Setting the tone for Neo-Paris was a challenge that composer Olivier Deriviere was ready to face. His music can be heard in his other video game-related projects, including Alone in the Dark as well as the Obscure series. Capcom's Remember Me is set in a fascinating city, in a time where people are able to store and share memories. To accompany this sci-fi setting is an equally exciting score, which mixes electronic music and the Philharmonia Orchestra. Continue through the gallery for our interview with Olivier and then have a listen at the sample links provided below. Let us know what you think about the game and/or the music in the comments. Also, check out our review of Remember Me, for more information on the game. Olivier's score can be purchased on iTunes.
GamesRadar: How did you get into composing music for video games?
Olivier Deriviere: Mainly, because I love video games. Historically, I was involved in the late demo scene, I was quite young but really passionate. Years later I chose to become a video game composer even though I didn't know how to achieve this. I spent most of my time for about a year travelling and meeting with people in the video game industry. In 2002 it was quite small, and luckily one day I met a great producer that introduced me to a development studio, Hydravision. I scored their first game called Obscure and since then I haven't stopped trying to score new and exciting projects!
GR: How do you like it compared to film / tv?
OD: From my perspective the film industry is much more mature than the video game industry. People have codes and they know how to achieve a movie by following some primary rules. It doesn't mean that the movie will be any good but at least there will be a movie at the end of the process. For games it's a totally different story. First, the technology is always evolving and depending if you work on a mobile game, an indie game or a AAA your ways of thinking and working will be totally different. But what is really crazy is depending on the team you will work with, everything will be different. There are no rules; even the developers sometimes don't know how to make their own game at first so when it comes to music it can turn really crazy!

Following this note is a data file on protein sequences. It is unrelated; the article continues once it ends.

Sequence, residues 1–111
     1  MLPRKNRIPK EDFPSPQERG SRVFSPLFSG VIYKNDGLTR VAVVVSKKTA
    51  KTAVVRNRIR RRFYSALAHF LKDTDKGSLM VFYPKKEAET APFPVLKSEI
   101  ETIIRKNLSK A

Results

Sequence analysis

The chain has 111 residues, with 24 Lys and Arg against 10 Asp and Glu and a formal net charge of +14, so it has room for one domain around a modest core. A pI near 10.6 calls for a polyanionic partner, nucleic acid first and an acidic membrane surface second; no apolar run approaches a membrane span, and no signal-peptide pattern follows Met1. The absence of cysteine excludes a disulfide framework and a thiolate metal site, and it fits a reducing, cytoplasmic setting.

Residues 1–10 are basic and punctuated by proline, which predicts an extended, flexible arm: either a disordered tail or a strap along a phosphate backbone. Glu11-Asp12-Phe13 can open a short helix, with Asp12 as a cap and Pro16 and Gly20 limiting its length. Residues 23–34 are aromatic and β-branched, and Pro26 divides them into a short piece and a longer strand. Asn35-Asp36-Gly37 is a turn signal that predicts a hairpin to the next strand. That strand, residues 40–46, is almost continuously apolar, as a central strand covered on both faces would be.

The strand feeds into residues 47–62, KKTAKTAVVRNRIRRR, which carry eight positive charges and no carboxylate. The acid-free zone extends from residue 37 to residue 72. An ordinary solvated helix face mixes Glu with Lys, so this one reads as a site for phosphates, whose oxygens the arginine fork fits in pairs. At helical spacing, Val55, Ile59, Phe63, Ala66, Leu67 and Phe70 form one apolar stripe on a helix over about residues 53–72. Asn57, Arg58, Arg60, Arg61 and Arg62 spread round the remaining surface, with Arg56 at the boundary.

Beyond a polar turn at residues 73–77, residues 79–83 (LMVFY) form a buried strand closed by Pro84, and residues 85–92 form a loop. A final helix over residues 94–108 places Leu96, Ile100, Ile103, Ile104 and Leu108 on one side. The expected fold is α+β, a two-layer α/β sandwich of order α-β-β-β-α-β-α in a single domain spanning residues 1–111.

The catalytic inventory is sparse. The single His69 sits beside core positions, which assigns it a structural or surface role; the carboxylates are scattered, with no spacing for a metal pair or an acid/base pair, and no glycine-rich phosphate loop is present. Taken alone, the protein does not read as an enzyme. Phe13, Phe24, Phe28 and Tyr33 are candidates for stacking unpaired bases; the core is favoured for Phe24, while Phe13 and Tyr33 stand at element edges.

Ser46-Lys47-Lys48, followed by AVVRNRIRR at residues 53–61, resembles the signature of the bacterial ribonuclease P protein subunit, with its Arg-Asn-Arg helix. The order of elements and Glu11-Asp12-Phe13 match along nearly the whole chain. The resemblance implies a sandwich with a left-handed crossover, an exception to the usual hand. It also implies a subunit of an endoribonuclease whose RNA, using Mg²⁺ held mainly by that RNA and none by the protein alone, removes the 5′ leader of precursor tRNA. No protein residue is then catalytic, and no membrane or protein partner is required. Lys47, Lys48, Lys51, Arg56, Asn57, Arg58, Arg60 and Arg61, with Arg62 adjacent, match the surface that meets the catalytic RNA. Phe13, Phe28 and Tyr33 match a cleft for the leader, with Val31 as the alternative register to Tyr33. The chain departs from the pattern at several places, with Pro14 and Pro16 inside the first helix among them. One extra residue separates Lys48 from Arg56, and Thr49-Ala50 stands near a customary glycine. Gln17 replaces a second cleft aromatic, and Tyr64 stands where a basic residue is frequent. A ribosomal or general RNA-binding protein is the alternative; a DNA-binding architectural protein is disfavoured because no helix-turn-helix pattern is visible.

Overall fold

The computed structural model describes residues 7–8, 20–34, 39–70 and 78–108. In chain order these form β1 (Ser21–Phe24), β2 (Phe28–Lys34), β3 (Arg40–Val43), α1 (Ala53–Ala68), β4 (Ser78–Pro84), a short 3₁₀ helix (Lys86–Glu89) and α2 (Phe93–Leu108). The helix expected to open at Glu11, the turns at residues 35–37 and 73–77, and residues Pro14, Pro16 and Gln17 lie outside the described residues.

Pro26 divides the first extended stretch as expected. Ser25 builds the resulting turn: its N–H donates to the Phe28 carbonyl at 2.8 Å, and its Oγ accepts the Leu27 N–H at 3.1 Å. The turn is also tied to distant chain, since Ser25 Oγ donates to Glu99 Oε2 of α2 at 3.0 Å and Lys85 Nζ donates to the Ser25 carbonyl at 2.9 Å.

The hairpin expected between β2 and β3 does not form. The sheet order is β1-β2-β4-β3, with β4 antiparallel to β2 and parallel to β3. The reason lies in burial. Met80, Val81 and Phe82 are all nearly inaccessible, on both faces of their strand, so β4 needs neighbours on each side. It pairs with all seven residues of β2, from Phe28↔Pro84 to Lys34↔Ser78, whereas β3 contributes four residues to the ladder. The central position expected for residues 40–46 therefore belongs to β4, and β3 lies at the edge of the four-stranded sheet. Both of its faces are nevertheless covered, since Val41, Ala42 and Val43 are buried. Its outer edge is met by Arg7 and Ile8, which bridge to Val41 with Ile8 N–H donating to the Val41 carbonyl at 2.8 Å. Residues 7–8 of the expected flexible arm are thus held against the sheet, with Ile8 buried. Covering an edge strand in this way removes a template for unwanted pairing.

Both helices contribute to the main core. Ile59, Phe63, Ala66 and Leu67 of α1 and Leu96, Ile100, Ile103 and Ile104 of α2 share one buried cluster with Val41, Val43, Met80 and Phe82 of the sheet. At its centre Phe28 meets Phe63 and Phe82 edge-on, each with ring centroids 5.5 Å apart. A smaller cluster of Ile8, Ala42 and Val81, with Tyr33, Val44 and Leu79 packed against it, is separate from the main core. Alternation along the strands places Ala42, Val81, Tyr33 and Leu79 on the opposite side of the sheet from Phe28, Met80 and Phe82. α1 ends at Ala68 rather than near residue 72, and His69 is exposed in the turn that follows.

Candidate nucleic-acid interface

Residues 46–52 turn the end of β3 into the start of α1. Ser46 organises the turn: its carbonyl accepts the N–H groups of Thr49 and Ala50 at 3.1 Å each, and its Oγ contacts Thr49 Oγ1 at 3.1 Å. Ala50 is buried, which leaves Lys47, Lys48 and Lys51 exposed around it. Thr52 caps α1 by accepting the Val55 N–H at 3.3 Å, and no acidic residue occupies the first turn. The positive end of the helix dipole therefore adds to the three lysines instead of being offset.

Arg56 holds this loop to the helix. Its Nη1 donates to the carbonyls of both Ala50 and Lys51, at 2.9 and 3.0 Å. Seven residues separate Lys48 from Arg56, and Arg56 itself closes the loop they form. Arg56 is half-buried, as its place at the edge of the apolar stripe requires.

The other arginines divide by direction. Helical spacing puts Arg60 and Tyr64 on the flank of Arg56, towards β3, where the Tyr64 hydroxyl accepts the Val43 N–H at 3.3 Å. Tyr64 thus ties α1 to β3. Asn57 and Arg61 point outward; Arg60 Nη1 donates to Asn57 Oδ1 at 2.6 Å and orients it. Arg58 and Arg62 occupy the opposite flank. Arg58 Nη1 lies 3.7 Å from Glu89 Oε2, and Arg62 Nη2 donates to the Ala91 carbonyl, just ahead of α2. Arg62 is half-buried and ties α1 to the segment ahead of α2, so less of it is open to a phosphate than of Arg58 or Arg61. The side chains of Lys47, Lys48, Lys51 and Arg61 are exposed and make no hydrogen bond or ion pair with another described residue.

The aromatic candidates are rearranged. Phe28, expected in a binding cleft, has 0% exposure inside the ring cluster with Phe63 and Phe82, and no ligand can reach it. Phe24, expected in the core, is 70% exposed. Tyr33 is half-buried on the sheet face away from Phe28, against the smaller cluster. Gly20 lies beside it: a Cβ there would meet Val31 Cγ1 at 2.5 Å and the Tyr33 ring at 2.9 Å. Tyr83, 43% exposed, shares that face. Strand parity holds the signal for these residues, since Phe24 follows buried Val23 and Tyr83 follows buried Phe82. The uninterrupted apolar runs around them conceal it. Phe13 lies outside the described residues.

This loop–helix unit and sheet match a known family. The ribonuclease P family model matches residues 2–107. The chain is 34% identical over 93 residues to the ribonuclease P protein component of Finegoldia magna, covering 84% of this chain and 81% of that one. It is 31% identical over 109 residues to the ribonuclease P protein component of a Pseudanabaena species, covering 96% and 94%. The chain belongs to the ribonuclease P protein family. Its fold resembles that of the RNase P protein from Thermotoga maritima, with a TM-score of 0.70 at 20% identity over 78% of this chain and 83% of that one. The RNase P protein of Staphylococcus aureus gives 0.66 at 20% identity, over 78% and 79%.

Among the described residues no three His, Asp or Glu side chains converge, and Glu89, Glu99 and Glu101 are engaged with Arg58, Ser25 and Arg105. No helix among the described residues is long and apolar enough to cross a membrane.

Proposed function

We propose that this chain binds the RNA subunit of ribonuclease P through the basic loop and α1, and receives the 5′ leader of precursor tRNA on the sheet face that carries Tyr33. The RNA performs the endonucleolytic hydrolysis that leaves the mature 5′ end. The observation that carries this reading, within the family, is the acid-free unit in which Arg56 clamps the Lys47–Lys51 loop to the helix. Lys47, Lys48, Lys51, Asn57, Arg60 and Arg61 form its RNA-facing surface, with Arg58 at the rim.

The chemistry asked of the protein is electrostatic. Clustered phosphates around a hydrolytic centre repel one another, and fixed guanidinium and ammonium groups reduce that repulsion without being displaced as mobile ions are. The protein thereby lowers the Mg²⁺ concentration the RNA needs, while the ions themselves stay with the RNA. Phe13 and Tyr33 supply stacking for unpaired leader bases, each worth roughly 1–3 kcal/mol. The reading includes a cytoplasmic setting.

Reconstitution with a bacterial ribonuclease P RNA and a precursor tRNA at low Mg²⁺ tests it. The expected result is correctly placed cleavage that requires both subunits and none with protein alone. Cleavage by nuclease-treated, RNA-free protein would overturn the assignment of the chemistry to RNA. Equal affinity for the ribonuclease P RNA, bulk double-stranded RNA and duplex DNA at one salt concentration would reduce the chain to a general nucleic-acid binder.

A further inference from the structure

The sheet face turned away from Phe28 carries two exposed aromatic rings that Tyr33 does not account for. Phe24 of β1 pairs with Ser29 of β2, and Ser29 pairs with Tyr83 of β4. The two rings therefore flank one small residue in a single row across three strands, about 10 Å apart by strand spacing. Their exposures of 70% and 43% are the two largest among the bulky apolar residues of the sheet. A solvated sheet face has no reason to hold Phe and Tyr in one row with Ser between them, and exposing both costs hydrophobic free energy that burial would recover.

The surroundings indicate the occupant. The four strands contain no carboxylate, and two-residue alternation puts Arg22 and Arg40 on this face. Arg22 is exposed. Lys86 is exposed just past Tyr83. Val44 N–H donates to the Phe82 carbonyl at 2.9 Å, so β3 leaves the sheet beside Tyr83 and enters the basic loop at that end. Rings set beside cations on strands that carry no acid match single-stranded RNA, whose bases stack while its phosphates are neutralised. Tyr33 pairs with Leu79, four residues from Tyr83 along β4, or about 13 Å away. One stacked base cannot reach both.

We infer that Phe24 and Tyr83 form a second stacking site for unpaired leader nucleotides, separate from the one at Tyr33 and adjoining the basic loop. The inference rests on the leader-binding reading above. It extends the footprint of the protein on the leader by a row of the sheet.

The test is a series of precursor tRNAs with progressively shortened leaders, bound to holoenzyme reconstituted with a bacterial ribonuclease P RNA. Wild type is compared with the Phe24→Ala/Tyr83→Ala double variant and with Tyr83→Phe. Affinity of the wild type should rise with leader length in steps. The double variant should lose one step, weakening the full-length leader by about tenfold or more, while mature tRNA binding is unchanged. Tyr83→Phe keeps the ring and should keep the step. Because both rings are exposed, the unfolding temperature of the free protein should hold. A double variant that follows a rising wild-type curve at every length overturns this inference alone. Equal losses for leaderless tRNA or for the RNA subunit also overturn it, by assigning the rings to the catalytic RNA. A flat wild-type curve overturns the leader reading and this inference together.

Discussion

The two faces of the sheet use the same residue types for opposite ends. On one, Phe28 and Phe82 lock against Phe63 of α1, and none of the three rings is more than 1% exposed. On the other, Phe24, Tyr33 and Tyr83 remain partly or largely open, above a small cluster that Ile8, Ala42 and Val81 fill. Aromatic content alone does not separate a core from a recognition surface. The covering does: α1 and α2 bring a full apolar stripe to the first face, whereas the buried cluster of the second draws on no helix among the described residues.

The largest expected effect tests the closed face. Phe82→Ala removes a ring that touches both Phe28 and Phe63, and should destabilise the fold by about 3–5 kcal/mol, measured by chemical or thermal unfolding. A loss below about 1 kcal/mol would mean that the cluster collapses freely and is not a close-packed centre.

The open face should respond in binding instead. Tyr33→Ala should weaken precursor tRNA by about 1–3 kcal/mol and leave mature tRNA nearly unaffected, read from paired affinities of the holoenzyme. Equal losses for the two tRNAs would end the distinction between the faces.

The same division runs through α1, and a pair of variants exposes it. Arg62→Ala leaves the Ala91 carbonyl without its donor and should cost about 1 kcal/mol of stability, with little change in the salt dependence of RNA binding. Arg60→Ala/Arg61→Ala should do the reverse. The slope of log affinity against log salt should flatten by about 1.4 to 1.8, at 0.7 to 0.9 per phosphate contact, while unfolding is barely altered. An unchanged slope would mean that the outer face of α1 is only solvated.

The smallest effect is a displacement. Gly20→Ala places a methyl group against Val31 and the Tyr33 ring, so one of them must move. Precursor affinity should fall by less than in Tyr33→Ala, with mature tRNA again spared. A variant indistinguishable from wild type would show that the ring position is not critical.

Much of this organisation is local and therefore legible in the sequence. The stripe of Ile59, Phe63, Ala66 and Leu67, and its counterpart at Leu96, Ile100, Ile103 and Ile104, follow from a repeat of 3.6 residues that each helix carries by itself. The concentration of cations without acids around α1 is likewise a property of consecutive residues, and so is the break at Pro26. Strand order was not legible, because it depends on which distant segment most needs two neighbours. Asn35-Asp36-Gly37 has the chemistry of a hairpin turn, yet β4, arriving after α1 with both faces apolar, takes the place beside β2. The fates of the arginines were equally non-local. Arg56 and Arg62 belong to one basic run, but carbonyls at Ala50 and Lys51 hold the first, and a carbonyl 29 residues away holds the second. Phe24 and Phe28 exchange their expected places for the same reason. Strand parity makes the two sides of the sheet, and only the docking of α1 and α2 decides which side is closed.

GR: Could you tell us about the Remember Me score? What was the direction for it?
OD: The Remember Me score includes the Philharmonia Orchestra recorded in London and a lot of pure electronic music. But the most interesting part is the electronic manipulation of the orchestra. In Remember Me memories can be digitized then stored to be shared or sold and Nilin, the main character, has the ability to hack and manipulate those memories. We really wanted to capture this in the music so we had to record an acoustic performance, digitize it and manipulate it. I'm kind of relieved it's behind me because at the beginning I really had no idea how I was going to approach this concept with a symphony orchestra! That was quite a journey!
GR: Did you have your own ideas in mind when you were given the job? Or was the tone set by the audio director?
OD: The tone was given by Jean-Maxime Moris, the creative director, but as I said earlier, depending on the developer, the way of working can be completely different. I've always worked really closely with audio directors since they are the central point of audio. They are in charge of getting the music done as well as implementing it, we really work as a pair and we are following what the creative director wants. So my job is to listen to what his intentions are and translate them into music. Of course Jean-Maxime never told me what to write, but his words led me to what you have now in the game. I think this process is great to perfectly match the game with a unique sound.